Curated by label founder Jac Holzman, Elektra60.com is built around a graphics-heavy interactive timeline. It launches immediately upon visiting the page, transporting visitors from 2010 to 1950 in most trippy fashion, as if they fell into a “2001” black hole. Images flash by, roots music plays. Worth the visit alone.
Holzman signees the Doors, Love and Incredible String Band fly the psychedelic music banner. Other heavy acts include the Paul Butterfield Blues Band, the MC5 and the Stooges.
“It was modeled on a world’s fair, where a visitor can walk down the center promenade and take in the sights and sounds, and step into multiple pavilions for more enriching experiences,” Jac Holzman says. Once inside the virtual tent, users can listen to a few songs, view the discography, see a video or two.
Users scroll across a bar to visit individual years, which coolly and colorfully morph into each other.
In 2007, the label released an audio box set that celebrated its glory years: “Forever Changing: The Golden Age of Elektra 1963-1973.”
For example, the radio series “The Doors: From the Inside” originates on the main site, but fits in perfectly with the historical content on Elektra60.com. This time, “We decided to celebrate Elektra on the Web, the connective community of our age,” said Holzman, who sold the label to Warner in the 1970s and is now an adviser to Warner Music Group chief Edgar Bronfman Jr.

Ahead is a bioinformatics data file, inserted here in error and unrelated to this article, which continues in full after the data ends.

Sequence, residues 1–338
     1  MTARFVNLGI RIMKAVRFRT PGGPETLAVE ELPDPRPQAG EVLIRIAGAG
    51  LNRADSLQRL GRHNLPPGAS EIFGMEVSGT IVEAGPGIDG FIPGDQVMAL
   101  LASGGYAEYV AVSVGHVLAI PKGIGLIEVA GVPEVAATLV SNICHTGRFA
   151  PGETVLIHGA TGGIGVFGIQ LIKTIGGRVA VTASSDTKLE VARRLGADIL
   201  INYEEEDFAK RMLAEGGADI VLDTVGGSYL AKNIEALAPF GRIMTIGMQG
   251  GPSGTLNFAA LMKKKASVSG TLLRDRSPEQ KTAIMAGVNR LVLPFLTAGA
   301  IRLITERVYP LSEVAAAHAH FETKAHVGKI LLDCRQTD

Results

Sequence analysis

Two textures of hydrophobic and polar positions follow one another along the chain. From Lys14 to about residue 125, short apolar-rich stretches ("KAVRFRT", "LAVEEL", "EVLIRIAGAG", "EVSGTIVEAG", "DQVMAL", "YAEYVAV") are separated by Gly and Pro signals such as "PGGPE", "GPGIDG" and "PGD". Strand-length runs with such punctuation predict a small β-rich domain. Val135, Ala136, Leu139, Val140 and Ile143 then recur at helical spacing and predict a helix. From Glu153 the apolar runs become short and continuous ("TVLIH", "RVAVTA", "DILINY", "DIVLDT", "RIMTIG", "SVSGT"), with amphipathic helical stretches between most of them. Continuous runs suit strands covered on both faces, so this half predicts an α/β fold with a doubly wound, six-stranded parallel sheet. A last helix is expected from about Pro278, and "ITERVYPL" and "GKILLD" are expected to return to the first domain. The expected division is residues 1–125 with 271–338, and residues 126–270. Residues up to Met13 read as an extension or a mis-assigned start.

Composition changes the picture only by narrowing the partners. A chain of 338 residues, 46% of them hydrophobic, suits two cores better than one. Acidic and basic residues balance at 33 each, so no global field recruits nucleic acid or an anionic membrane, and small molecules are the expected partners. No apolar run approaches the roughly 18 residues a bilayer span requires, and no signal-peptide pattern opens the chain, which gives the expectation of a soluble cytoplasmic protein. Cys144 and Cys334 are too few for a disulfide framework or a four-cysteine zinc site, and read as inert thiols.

The multimedia Elektra60.com actually is an adjunct to the label’s primary web site, with content flowing between the two.
The Doors’ radio special, originally aired in 1988, takes a chronological look at Elektra’s most controversial and profitable act. Like the 60.com project, it breaks down the band’s history into six years: 1966-1971.
Another key piece of content looks at the Elektra label chiefs and the artists they signed. Holzman, of course, had the hottest hand, with Love, the Doors, Butterfield, the Stooges, Judy Collins and Queen, among others. David Geffen’s Asylum acts have been added to the mix, bringing in Joni Mitchell, Tom Waits, Dylan and Jackson Browne.
Elektra60.com remains a work in progress — there are some noticeable bugs and gaps (go to an artist’s bio and the post initially is headlined “About me” (as in Phil Ochs, About Me, ouch). The first page doesn’t have a mute or skip, so you get the full treatment every time you visit, possibly annoying.
“Elektra60.com is a living, breathing site that will continue to evolve over the upcoming weeks and months, as fresh content is added and new paths revealed,” Holzman says.
The digital agency Rokkan produced the interactive timeline.
Meanwhile, Britain’s NME marks the 40th anniversary of Jimi Hendrix’s passing with a special issue. Parts of the tribute to the greatest psychedelic guitar player of all time are available online, such as “20 Things You Never Knew About Jimi Hendrix.”